Author + information
- Received October 26, 2008
- Revision received February 18, 2009
- Accepted March 3, 2009
- Published online June 16, 2009.
- Talya Lavi, RD⁎,
- Avraham Karasik, MD⁎,‡,
- Nira Koren-Morag, PhD‡,
- Hannah Kanety, PhD⁎,‡,
- Micha S. Feinberg, MD†,‡ and
- Michael Shechter, MD, MA†,‡,⁎ ()
- ↵⁎Reprint requests and correspondence:
Dr. Michael Shechter, Leviev Heart Center, Chaim Sheba Medical Center, 52621 Tel Hashomer, Israel
Objectives This study sought to explore the effect of glycemic-index dietary carbohydrates on endothelium-dependent flow-mediated dilation (FMD) in overweight and obese nondiabetic volunteers.
Background Post-prandial hyperglycemia has been recognized as a cardiovascular risk factor in both the diabetic and the general population. Endothelial dysfunction has been shown to occur in diabetic and hyperglycemic patients.
Methods We prospectively assessed brachial artery FMD in 56 healthy overweight and obese nondiabetic volunteers (38 [67.9%] men, mean age 48 ± 6 years) on 4 separate mornings, 1 to 2 weeks apart. After overnight fasting, the percent FMD (%FMD) improvement and endothelium-independent nitroglycerin-mediated dilation (%NTG) were assessed, after which subjects received 1 of 4 group meals at each visit (placebo [water] or a carbohydrate meal of glucose, cornflakes, or high-fiber cereal). Meals were distributed in a rotating randomized fashion, such that each subject received all 4 meals once throughout the study period.
Results Fasting and 2-h post-prandial serum glucose levels were similar in all 3 meals, whereas at 30 to 90 min, serum glucose levels were significantly higher after glucose and cornflakes (high glycemic) compared with fiber (low glycemic). Baseline %FMD, not significantly different in the 3 carbohydrate-based meals, was reduced 2 h post-prandially in all groups, showing statistical significance in only high-glycemic index meals: glucose (15 ± 9% vs. 10 ± 8%, p < 0.01), cornflakes (13 ± 7% vs. 9 ± 7%, p < 0.01). No correlation was observed between the %FMD reduction rate and glucose levels throughout the study period.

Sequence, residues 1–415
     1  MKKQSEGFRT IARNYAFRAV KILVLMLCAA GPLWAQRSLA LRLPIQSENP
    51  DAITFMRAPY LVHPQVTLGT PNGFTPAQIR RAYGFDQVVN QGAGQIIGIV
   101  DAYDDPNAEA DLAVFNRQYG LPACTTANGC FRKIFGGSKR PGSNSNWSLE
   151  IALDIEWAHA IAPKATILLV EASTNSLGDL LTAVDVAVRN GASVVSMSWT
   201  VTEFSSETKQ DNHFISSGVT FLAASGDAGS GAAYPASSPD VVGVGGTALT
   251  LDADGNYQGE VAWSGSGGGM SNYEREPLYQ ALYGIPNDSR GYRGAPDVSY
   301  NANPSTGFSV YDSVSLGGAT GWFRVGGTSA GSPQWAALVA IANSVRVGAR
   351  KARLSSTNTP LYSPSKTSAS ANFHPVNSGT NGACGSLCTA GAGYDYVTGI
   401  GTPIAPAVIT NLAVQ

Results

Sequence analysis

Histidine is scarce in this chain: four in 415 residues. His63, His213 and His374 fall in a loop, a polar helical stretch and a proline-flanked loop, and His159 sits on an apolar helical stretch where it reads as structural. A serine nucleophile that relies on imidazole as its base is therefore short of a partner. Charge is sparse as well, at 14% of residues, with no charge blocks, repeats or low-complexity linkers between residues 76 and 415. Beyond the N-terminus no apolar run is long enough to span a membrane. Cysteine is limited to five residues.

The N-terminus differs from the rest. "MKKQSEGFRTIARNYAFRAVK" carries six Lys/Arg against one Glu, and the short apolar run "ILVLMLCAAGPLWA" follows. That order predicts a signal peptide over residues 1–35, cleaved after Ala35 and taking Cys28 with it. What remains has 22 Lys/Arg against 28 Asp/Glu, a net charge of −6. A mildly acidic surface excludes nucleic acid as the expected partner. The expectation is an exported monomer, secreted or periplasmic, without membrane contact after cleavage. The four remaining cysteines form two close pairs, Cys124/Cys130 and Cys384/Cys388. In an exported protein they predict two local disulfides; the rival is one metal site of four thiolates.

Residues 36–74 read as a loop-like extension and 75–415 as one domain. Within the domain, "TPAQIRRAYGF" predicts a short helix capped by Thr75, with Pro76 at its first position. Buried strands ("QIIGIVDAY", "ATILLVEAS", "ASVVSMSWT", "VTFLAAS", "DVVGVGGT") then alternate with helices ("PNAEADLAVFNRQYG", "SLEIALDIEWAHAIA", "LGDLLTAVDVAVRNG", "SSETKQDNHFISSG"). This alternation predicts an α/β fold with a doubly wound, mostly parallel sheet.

Conclusions High- compared with low-glycemic carbohydrate consumption significantly suppresses FMD in nondiabetic overweight and obese volunteers, suggesting a mechanism whereby high-glycemic meals may enhance cardiovascular risk.
Part of this study was presented as an abstract at the XXVI Congress of the European Society of Cardiology, Stockholm, Sweden, August 30, 2005.
- Received October 26, 2008.
- Revision received February 18, 2009.
- Accepted March 3, 2009.
- American College of Cardiology Foundation